Our state has a chance to lead the nation in this exciting agricultural opportunity. Hawaii’s climate and soil offer ideal conditions for cultivation — and in return, where hemp grows, it cleanses the soil of pesticides, oil, gasoline and other toxins through a process called “phytoremediation.” Industrial hemp phytoremediation works so well, it was used to help clean up and stop further soil contamination after the nuclear power plant catastrophe at Chernobyl.

This soil-cleansing characteristic is the focus of House Bill 154, a bill moving fast through the Legislature, which authorizes the state Board of Agriculture to establish an industrial hemp remediation pilot program. The purpose clause of the bill explains that the “state’s extensive agricultural operations in the past have left toxins in vast tracts of land. Phytoremediation will remove these toxins.”

HB 154 establishes a two-year hemp phytoremediation pilot project to extract toxins such as metals, pesticides, solvents, explosive and crude oil without the need to remove any of the contaminated topsoil. This process will leave a clean, balanced and nutrient-rich soil, which can then be safely used for agriculture or improving conservation habitats.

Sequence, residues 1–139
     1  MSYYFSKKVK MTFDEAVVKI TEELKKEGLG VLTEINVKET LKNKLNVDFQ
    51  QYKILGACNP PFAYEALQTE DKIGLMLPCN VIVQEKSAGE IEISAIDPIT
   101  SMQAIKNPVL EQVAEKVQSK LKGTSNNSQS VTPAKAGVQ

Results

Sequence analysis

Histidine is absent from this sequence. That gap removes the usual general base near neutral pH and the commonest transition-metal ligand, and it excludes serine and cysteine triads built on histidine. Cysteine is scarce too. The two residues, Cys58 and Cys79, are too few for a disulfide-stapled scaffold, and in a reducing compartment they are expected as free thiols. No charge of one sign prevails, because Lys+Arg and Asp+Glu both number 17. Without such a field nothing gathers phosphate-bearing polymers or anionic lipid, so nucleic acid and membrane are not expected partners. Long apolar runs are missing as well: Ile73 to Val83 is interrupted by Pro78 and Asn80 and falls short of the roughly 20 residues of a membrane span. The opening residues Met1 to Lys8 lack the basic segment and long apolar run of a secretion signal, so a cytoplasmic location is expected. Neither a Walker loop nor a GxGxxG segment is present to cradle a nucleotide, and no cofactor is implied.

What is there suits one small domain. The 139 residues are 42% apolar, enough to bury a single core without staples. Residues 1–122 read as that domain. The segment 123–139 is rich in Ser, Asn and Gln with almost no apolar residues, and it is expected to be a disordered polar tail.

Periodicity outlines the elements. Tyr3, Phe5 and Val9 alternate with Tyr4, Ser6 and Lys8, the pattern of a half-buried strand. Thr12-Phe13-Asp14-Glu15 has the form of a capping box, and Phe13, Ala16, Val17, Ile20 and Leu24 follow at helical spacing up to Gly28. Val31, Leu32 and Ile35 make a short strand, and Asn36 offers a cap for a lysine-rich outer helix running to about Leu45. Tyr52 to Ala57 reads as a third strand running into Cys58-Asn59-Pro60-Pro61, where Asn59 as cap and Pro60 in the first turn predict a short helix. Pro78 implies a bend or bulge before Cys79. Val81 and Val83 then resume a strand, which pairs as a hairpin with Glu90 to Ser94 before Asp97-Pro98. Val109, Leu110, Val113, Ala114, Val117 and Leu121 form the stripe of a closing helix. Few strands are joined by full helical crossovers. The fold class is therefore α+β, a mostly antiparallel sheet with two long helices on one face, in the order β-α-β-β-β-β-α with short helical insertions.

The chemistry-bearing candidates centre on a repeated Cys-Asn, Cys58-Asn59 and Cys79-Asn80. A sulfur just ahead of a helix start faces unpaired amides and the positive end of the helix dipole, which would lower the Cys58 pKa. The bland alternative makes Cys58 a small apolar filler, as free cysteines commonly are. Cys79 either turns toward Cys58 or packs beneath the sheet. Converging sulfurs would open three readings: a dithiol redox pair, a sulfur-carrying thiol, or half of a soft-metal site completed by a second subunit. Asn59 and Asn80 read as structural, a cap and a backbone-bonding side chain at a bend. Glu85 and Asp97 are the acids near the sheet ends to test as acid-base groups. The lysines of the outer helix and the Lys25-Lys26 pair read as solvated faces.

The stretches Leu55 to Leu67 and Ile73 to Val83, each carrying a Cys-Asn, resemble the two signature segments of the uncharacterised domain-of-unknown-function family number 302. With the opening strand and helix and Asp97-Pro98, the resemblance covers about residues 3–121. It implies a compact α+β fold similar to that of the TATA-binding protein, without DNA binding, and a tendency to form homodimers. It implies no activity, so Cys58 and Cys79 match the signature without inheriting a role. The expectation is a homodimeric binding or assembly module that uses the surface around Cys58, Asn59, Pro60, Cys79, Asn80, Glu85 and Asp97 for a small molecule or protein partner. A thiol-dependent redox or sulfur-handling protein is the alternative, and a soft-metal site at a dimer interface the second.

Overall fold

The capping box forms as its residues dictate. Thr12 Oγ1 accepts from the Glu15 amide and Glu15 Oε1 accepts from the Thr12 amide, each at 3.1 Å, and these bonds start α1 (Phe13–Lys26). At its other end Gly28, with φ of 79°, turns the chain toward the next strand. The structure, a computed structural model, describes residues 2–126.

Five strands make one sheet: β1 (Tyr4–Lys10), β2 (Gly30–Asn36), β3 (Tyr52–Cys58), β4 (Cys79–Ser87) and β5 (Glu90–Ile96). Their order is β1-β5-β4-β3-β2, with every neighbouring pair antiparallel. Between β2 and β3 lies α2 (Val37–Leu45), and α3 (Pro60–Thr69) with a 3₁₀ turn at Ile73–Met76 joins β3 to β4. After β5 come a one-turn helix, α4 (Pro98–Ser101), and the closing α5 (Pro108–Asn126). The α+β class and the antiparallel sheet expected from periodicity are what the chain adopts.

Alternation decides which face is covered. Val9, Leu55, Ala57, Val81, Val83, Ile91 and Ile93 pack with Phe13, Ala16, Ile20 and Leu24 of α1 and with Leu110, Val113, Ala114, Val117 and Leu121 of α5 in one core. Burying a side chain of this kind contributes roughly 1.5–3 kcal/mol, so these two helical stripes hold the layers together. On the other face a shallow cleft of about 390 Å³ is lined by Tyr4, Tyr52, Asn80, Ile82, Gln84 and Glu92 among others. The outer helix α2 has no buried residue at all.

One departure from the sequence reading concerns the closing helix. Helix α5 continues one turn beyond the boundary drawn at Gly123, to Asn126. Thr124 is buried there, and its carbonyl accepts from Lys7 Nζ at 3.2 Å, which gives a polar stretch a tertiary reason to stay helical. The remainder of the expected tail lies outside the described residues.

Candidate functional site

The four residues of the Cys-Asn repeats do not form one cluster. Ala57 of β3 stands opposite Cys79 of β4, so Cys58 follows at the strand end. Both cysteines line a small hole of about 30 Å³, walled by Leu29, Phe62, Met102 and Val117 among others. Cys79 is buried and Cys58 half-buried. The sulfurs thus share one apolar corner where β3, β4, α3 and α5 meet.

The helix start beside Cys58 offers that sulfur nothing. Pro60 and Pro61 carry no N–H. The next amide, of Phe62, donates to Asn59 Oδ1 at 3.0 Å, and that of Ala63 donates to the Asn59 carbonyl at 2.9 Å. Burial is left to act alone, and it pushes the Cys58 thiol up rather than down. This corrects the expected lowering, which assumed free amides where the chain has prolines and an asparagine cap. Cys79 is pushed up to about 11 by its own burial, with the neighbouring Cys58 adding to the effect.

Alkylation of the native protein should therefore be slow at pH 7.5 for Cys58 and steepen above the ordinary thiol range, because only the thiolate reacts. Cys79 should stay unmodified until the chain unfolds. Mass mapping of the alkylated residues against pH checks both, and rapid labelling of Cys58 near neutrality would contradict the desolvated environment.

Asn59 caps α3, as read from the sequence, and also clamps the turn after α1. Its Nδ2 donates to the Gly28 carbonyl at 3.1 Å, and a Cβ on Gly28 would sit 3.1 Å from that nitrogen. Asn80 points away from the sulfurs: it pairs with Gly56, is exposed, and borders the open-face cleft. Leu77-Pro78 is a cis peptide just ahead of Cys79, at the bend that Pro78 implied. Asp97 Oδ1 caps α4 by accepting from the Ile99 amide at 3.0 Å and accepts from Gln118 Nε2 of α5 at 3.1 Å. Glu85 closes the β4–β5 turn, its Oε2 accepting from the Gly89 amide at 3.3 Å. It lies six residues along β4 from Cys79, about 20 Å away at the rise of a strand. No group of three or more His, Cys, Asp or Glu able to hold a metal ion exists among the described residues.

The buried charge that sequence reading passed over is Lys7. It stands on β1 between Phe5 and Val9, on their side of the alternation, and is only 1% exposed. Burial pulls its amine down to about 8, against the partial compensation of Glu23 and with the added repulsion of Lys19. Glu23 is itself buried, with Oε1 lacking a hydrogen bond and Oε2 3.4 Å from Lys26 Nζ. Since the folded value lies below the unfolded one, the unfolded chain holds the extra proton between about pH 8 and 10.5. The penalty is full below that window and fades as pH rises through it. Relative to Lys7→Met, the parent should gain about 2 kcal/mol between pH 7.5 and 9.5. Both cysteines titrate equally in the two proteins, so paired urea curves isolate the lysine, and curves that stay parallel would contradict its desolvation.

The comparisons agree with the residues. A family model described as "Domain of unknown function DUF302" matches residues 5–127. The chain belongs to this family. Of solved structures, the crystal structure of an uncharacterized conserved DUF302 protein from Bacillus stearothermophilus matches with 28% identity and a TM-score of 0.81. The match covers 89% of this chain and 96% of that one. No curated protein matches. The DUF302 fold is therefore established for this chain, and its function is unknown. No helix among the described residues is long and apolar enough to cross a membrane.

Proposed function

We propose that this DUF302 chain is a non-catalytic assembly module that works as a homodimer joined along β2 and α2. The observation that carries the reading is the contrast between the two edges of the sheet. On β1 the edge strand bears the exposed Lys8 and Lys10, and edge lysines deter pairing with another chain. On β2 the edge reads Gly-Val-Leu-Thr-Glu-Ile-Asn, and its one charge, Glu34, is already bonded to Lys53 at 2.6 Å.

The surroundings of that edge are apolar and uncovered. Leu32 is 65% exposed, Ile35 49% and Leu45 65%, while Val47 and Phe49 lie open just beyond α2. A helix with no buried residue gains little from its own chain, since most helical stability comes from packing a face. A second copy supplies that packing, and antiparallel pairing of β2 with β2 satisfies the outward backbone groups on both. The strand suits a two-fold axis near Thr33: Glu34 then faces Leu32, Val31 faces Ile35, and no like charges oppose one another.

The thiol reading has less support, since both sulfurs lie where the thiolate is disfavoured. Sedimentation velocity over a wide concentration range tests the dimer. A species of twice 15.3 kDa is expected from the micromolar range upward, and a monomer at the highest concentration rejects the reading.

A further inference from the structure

Today, in Hawaii and the rest of this country, you can buy hemp beer, hemp iced tea, hemp carryall bags, hemp shirts, hemp sheets, blankets and tortilla chips (corn chips sprinkled with hemp seeds). You can even wrap your baby’s bottom in hemp diapers. And hemp-seed oil isn’t just for Honest Abe’s lamps. The oil from this little seed is packed with essential amino acids, essential fatty acids (Omega 3, Omega 6), and magnesium.

We must get beyond the irrational opposition to this valuable plant. We know Hawaii is an ideal place to grow hemp — we did it in 1999, with the Hawaii Industrial Hemp Research Project. We can do it again.

http://www.staradvertiser.com/editorialspremium/20130218_Hemp_plant_is_exciting_agricultural_opportunity_for_Hawaii.html?id=191580861